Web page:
Although it's been about 113 years since his death, Tom Horn still remains a prominent figure in Old West history, particularly in regards to the state of Wyoming.
Hanged in 1903 for the shooting death of Willie Nickel, a 14-year old boy, Horn may have been another tragic victim of the incident, falsely convicted by the unethical and unscrupulous actions of a corrupt prosecutor.
Although Horn may have indeed been guilty, it is doubtful that he would have been convicted under today's standards of justice.
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We were privileged to see the curator of the museum open up a special exhibit of Tom Horn items just for our gathering in Cheyenne.
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Hanging Around the Memory of Tom Horn.
Perhaps no figure cuts a wider swath in their state's history than Tom Horn. Some might argue that his level of state notoriety is only surpassed by his national prominence in Old West lore.
I saw this truth play out recently on my first visit to the state of Wyoming with the Western Writers of America, when we visited the
Cheyenne Frontier Days Old West Museum.
Yet these many years later, Tom Horn still lives!
Perhaps it is the conclusive truth of the story which still evades us today, and the never-ending debate which ensues over the facts, these are the items which keep a dead man alive in the annals of Old West lore.
I have always found it interesting that death sometimes has a strange way of granting immortality to its victims. Such was the case of Tom Horn.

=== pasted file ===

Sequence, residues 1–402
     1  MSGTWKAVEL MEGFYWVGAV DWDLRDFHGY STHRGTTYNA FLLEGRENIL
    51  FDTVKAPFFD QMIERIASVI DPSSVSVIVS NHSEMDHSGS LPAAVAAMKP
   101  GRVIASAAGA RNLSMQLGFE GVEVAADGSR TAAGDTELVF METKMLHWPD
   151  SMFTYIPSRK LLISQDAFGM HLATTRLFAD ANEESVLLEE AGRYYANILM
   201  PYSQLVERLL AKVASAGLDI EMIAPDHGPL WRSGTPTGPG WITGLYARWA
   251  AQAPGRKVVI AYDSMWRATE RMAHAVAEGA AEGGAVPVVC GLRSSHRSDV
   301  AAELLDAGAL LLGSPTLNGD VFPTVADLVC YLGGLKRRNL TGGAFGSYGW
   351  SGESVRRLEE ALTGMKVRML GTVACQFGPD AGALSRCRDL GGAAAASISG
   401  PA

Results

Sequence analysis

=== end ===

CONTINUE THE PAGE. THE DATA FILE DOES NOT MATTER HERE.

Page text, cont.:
Along with the hanged range detective, William Hickok, Billy the Kid, and Jesse James all achieved their legendary status in much the same way.
Maybe it is the manner of their deaths which also gives birth to their legend.
When youth and notoriety are joined with an unexpected, dramatic, or violent death, then a certain immortality is often bestowed upon that individual.
We've seen the same scenario play out in today's popular culture with the deaths of Elvis, Marilyn Monroe, Whitney Houston, and other famous celebrities and entertainers who died suddenly, under strange or unexpected circumstances.
In short, their legend lives on because they didn't. And like Tom Horn, all of them will remain forever young in our minds.
But returning to our discussion of Old West history, perhaps the only person who shares their same level of notoriety is Wyatt Earp, strangely enough, a man who didn't die young.
Earp became legendary, not only for his deeds--or some might say, his misdeeds--but also for the fact that this one man, often immersed in the violence of his times, did not ultimately succumb to the violence himself, surviving to a ripe, old age before he expired.
In all his time as a frontier lawman, and despite his participation in what was arguably the most well-known gunfight in our nation's history, which led to the death and dismemberment of two of his brothers, Earp emerged from all of these incidents unscathed.
As an author, I can tell you that notoriety is always a good thing. But my plan is to ultimately achieve it in a manner similar to Wyatt Earp, living to a ripe, old age, not dying like Tom Horn, dangling from the end of a hangman's noose.
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